This month I had to make a decision. I had to choose whether or not to stick with T-Mobile (the “Un-Carrier”) or change over to another service provider. I have been a T-Mobile customer for over 9 years. For most of those nine years I did not have too many complaints. Their service was never great, but I was OK with that because my monthly bill was usually cheaper than it would have been with the other big carriers. Their customer service was the best in the business for most of those 9 years.
Then came the “Un-Carrier”… The turning point that made me hate being a T-Mobile customer. The first thing T-Mobile did, was to try and put themselves into a new class of carrier by ditching contract plans. This sounded great to new customers and brought a lot of new ones in; however existing customers still under contracts were left behind. T-Mobile started offering cheaper contract free plans to new customers, while offering nothing in the form of discounted plans to their long time existing customers. I was OK with this for a while, since the increased price in contract plans could be attributed to the subsidized phones on the plans. The next thing T-Mobile did was to stop subsidizing new phones to people on contract plans even if they were eligible for upgrades. The problem with this was, that we had to pay full price for new phones and we were still stuck on plans with higher service costs. Again I was still OK with this for a while because my contract plan was still cheaper than switching to another carrier. Then came the new customers… As T-Mobile brought on more new customers, their 4G network started slowing down and became degraded. At no point did it feel like T-Mobile was working on upgrading their network capacity to support the new customers. Places where I normally had good 4G service suddenly started dropping Internet and phone calls. The phones I tried on the network would display that I had full 4G signal, but when I would open up any app that uses the Internet, the network speed reminded me of the AOL dial-up I had in my teen years. Their network became jammed and slower each month. To top all this their customer service went from top notch to worse than AT&T. The customer service reps were hard to get on the line and were rude and inconsiderate most of the time.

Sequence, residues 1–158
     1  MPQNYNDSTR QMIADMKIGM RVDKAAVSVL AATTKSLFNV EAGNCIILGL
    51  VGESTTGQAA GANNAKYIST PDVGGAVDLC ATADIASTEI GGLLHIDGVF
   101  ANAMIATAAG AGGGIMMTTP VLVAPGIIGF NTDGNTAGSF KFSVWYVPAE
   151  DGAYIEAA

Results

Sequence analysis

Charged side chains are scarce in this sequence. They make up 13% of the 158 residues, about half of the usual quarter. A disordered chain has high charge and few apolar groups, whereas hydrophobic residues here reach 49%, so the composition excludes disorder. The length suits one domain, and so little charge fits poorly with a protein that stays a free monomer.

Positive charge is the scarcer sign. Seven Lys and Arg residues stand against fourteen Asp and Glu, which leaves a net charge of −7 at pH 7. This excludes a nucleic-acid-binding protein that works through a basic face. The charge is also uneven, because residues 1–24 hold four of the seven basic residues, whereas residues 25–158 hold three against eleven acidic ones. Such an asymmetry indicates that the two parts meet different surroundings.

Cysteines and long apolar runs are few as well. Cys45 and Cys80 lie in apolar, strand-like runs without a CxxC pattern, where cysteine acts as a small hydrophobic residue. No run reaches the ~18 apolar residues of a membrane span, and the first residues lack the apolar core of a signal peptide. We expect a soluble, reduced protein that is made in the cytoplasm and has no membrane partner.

With all that said. In the end T-Mobile did do something for me, and I thank them greatly for it! T-Mobile did a fantastic job of scaring other carriers like Verizon into lowering their pricing and offering better service and plans. Ultimately I ended up switching to Verizon which has a better more reliable network, good customer service, and now, my 2 lines actually cost me less than what I paid at T-Mobile for the same service.
This wasn’t the last I would hear from T-Mobile. A few weeks later while enjoying my new Note 4 on Verizon while sitting on the couch, the mail came. I picked up the final bill from T-Mobile and opened it up to find a bill for $250! This was double my normal monthly charges. My first thought was that they had charged me an Early Termination Fee even though I switched to Verizon after my contract was up. This was not the case. After reading through it, I found that they charged me one full months charges for October 18th – November 18th and another full months charges for one day… November 19th. After calling them and spending quite a long time on the phone to dispute the extra full month charges, I was finally able to get it resolved, with an excuse from the rep, that it was an “accidental” charge caused by a glitch. Sounds like this might have been one of those “accidental” charges that is done on purpose to try to get some extra cash from customers that don’t want to go through the headaches and process of disputing it.
Note to T-Mobile: Thanks for becoming the “Un-Carrier” and making it cheaper and easier for your longtime customers to switch to other more reliable carriers.